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ECI 313: Classroom Management In Early Childhood Education

Using information with purpose

Figuring out what kind of information you need for your assignments can be hard. You need to evaluate various kinds of evidence and claims, as well as the credibility of authors. You also need to think about how you want to use information in your own writing. The BEAM method provides a framework to help you think about the range of information sources and their value to your purpose.

  • Background: using a source to provide general information to explain the topic. For example, using an education encyclopedia or expert website to define some of the stages of early childhood development.
  • Exhibit: using a source as evidence or examples to analyze. For your classroom management portfolio, this could be a strategy used by another teacher, reported in a professional education magazine. It could also be results from a study of a specific classroom management strategy.
  • Argument: using a source to engage its argument. For your classroom management portfolio, you could build on or refute the techniques cited in a research study on classroom management.
  • Method: using a source’s way of analyzing an issue to apply to your own issue. For example, you might use a study’s methods, definitions, or conclusions on classroom management in older children to conduct your own study of classroom management in pre-school children.

From: How to Use a Source in the Research Toolkit by Wendy Hayden and Stephanie Margolin Licensed under a Creative Commons Attribution-NonCommercial-ShareAlike 4.0 International License.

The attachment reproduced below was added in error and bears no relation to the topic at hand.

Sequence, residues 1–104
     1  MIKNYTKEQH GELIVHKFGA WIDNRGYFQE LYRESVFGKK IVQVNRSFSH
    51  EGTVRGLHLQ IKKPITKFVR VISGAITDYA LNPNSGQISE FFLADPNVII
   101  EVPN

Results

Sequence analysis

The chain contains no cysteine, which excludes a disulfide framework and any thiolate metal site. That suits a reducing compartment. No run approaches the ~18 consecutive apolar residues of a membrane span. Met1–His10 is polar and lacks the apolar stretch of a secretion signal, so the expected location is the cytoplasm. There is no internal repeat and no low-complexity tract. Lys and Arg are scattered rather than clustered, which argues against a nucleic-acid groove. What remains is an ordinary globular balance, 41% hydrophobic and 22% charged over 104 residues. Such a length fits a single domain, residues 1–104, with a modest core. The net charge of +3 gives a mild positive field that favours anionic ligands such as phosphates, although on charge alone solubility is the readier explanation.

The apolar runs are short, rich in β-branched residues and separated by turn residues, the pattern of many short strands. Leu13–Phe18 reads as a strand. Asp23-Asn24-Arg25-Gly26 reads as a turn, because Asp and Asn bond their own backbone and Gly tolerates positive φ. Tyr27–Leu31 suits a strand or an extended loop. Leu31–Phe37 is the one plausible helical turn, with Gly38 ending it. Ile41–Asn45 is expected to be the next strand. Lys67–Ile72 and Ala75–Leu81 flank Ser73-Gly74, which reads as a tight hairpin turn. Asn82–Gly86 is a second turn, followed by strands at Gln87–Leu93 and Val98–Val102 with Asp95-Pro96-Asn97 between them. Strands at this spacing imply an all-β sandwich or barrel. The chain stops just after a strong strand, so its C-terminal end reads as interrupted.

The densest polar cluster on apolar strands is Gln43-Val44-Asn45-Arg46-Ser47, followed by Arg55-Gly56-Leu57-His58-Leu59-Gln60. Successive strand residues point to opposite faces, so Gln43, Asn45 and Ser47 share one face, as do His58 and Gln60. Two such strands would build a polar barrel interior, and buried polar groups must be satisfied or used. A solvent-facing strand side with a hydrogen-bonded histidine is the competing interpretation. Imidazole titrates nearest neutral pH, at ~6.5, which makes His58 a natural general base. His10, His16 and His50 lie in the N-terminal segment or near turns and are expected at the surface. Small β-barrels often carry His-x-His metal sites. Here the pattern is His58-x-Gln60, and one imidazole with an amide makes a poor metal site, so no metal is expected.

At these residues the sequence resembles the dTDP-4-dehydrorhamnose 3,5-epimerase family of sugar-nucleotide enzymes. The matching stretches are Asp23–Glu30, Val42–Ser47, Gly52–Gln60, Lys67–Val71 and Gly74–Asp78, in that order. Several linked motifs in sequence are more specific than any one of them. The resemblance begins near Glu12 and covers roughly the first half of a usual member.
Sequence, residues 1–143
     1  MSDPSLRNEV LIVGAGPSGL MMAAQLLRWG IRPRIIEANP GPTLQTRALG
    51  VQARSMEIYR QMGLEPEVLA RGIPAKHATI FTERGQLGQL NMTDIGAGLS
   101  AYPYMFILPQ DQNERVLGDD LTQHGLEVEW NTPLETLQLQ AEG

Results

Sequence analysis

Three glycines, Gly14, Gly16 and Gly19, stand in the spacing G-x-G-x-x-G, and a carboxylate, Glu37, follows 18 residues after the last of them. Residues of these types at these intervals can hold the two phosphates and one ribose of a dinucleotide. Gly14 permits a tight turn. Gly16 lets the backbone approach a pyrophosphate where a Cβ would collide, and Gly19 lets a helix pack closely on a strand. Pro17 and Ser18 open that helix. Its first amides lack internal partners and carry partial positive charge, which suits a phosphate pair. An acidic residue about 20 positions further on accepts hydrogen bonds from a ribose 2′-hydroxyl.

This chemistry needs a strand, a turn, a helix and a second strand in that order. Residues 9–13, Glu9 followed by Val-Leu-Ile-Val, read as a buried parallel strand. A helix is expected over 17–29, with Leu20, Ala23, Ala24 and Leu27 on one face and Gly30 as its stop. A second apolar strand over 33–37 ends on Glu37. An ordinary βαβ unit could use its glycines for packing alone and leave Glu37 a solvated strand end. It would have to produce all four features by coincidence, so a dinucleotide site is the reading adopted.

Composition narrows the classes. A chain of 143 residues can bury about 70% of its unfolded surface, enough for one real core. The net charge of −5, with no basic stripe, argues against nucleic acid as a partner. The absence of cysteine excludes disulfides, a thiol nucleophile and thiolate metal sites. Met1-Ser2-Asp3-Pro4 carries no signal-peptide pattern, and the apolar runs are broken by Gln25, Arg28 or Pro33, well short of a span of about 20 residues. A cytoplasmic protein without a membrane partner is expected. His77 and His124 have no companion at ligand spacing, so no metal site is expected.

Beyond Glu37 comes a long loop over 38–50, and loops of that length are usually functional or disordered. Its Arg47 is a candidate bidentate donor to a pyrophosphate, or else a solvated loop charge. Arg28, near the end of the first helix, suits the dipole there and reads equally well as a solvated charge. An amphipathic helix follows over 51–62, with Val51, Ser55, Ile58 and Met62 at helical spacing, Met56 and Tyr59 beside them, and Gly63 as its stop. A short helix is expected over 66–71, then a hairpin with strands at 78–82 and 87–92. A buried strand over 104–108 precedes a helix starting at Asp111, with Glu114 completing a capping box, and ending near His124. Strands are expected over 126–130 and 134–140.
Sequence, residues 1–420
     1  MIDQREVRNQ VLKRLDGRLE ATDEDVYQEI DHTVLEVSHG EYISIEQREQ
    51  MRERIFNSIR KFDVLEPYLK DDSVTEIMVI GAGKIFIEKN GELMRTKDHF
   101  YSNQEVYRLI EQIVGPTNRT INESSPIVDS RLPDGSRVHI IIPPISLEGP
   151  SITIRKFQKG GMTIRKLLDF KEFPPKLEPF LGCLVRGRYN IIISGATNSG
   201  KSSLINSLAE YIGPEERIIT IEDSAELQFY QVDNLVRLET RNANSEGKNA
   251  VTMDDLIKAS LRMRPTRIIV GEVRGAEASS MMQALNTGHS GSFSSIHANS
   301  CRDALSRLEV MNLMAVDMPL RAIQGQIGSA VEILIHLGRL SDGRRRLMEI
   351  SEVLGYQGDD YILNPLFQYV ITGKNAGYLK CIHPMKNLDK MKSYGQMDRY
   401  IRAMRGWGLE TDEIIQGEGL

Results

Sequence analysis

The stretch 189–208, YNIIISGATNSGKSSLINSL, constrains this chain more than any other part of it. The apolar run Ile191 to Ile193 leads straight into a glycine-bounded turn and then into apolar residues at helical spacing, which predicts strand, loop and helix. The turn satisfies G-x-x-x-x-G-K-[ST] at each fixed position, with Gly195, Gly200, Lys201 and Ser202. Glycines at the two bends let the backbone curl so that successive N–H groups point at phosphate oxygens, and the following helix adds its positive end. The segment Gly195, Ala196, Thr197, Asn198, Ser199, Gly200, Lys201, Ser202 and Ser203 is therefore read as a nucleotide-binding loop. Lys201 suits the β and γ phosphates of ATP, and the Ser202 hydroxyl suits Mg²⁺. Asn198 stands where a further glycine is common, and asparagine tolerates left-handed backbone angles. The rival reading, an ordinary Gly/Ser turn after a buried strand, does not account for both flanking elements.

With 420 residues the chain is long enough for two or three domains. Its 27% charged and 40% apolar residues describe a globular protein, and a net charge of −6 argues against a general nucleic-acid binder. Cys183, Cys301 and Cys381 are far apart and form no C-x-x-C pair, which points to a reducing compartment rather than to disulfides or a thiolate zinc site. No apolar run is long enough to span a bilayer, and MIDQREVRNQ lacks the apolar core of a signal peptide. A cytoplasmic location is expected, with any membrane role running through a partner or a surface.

BEAM model developed by: Bizup, Joseph. “BEAM: A Rhetorical Vocabulary for Teaching Research-Based Writing.” Rhetoric Review 27.1 (2008): 72-86. Communication & Mass Media Complete. Web. 4 February 2014.

BEAM Model

Image that summarizes BEAM model described above

Stephen Francouer. Ways to Use Sources: The BEAM Model (Bizup, 2008)./ Licensed as CC BY-NC-SA 2.0.

BEAM Model for ECI 313


What kind of information do you need?

Information Sources and Search Tools


  • You need to get oriented to the concepts and topic.
  • Your audience needs basic definitions and concepts.

Books, encyclopedias, professional websites.


Search Tools:

  • Google
  • Cline Library Book Search
  • Gale Virtual Reference Library
  • Teacher Resource Center


  • You and/or your audience need concrete examples of strategies, techniques, behaviors, etc.
  • You and/or your audience need some examples of what does and doesn’t work.

Books, education magazines and professional websites, scholarly research   articles.


Search Tools:

  • Cline Library Book Search
  • ERIC
  • Education Fulltext
  • PsycInfo
  • Google Scholar


  • You and/or your audience need to know/show why a specific strategy is more effective than another.


  • You and/or your audience need to replicate or extend a technique or research study in a different context.